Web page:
WBIR-TV Channel 10 highlighted UT’s AustenFest, a three-day celebration of the work of 18th-century author Jane Austen. The event runs through Friday.
Michael Knight, professor in the Department of English, received highly positive reviews for his book Eveningland in the New York Times.
Students looking for a greater challenge in their English courses can now enroll in an advanced writing-intensive course being offered by the Department of English. English 290, an optional course for students who earned an AP score of 4 or 5 and thus received credit for English 101, offers a head-start in the skills students
UT Professor Misty Anderson recently spoke to WUOT’s Victor Agreda for Morning Edition.
Knox County Public Library, in partnership with UT’s College of Arts and Sciences, will host Books Sandwiched In, a book discussion series about diversity.
English professor Michael Lofaro spoke with WUOT All Things Considered host Brandon Hollingsworth on Monday, January 9, about writer James Agee.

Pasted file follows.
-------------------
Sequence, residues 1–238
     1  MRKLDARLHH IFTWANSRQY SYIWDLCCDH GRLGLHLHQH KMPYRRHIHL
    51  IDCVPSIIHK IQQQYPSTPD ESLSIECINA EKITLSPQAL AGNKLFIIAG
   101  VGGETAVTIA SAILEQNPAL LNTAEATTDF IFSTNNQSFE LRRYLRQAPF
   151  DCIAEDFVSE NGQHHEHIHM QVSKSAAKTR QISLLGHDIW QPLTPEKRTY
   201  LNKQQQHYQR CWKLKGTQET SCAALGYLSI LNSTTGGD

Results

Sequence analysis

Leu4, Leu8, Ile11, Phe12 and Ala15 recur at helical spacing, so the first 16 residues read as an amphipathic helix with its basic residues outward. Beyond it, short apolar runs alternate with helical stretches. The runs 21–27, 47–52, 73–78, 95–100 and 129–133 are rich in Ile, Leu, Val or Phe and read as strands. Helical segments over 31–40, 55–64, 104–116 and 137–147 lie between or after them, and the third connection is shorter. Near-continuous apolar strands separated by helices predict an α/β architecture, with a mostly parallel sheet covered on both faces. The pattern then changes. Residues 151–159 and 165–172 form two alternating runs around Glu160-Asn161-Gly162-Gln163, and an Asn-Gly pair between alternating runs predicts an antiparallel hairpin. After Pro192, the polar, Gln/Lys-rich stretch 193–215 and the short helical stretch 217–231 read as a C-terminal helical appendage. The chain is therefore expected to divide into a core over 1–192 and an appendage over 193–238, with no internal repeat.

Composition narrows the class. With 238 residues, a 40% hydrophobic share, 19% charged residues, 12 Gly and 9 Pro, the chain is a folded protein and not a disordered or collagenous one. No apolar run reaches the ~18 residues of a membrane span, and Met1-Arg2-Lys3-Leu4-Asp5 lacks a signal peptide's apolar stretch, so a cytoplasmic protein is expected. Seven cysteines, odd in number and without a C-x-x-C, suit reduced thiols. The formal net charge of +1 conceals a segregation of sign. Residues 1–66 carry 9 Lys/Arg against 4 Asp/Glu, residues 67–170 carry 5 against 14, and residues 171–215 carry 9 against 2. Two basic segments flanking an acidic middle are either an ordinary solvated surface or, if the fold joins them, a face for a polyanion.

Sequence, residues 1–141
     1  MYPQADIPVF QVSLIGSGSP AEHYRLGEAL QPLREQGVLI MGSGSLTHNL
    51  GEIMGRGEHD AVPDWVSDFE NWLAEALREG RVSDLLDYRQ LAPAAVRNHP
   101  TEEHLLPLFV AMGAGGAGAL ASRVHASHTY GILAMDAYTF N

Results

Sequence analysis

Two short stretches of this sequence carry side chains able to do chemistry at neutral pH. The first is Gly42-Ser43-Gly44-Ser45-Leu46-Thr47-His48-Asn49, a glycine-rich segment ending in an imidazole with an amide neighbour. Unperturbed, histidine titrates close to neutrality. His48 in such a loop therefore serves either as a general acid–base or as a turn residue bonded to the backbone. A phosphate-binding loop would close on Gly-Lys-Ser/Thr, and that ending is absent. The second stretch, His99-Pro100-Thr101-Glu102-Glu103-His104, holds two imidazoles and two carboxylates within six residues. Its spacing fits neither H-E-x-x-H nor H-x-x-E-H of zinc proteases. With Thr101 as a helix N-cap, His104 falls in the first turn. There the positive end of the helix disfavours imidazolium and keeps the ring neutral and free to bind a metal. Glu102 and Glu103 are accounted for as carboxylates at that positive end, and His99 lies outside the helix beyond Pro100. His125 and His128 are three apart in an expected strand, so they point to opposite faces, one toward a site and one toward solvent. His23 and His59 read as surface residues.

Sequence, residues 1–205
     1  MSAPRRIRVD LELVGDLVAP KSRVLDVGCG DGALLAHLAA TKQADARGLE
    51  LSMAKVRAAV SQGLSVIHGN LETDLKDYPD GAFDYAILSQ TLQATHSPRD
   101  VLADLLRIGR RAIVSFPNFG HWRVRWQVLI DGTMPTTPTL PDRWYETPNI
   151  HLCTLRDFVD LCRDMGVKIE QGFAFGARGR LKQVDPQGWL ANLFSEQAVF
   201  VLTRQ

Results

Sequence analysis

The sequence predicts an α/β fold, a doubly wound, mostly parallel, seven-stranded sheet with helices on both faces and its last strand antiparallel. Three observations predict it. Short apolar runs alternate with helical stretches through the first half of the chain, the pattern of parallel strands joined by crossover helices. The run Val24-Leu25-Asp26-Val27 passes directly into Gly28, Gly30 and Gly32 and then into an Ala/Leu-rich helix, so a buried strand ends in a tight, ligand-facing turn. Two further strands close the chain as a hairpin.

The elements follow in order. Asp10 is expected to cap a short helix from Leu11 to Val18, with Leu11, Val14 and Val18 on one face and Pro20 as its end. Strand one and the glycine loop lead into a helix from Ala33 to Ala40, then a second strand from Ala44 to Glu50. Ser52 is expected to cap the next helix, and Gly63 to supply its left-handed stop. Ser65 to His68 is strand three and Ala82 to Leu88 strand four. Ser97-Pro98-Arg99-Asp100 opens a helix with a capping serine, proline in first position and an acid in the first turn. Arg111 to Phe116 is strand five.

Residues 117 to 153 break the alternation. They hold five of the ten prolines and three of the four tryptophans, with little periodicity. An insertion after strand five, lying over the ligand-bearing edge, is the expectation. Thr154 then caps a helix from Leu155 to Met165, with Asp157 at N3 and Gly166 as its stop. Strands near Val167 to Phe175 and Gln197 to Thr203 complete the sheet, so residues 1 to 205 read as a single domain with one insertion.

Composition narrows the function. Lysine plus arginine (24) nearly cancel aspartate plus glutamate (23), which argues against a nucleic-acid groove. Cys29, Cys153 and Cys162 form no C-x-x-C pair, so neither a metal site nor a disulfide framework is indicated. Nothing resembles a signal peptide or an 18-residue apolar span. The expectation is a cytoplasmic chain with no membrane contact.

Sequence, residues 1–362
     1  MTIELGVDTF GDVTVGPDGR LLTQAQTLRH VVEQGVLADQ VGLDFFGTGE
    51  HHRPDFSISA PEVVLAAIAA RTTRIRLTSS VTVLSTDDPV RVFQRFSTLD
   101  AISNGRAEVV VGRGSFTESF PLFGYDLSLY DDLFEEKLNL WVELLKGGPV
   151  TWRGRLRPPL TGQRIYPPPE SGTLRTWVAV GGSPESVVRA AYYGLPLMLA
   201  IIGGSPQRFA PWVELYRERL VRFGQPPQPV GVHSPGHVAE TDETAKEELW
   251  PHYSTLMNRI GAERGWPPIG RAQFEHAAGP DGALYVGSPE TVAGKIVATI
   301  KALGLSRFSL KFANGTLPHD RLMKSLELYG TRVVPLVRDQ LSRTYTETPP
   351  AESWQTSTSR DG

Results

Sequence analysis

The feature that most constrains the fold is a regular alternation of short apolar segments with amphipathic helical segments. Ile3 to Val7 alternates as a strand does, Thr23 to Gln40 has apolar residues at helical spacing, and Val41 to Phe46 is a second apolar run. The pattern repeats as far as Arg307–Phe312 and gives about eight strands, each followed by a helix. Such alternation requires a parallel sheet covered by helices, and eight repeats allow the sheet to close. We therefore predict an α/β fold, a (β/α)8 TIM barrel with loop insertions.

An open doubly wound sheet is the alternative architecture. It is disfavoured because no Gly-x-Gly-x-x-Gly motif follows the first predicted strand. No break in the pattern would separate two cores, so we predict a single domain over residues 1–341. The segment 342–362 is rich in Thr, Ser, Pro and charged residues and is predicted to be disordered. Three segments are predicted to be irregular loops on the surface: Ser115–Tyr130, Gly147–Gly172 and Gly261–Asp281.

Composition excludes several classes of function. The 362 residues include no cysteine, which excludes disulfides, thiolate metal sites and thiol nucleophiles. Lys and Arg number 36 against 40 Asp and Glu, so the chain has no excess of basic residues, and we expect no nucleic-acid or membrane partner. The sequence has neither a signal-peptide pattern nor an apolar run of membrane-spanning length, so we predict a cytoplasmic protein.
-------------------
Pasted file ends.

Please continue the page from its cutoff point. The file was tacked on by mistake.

Bill Hardwig in the Department of English and Sidi Kazunga in the Haslam College of Business Office of Undergraduate Programs have been honored for their advising work.
Poets.org highlighted Joy Harjo’s words about how artists can use their craft to address national debates in this tweet to its 89,000 followers. Harjo is an acclaimed poet, author, musician, and a professor of English and Chair of Excellence.
The Las Cruces Sun-News, which is part of the USA Today Network, recently highlighted the efforts of Joy Harjo to support members of the Standing Rock Sioux Tribe as they protested a controversial pipeline project running through North Dakota.
When members of the Standing Rock Sioux Tribe began protesting a controversial pipeline project running through North Dakota, Joy Harjo used her voice and saxophone to raise awareness about the situation. Harjo, an acclaimed poet, author, musician, and a professor of English and Chair of Excellence, said artists play a crucial role in using their
Daniel Allen Carroll, former faculty member in the Department of English, passed away on Tuesday, November 28 after a long illness.
Marilyn Kallet, a Knoxville poet and professor of English, recently spoke with WUOT 91.9 FM about the healing power of words and what she has learned from watching others discover it.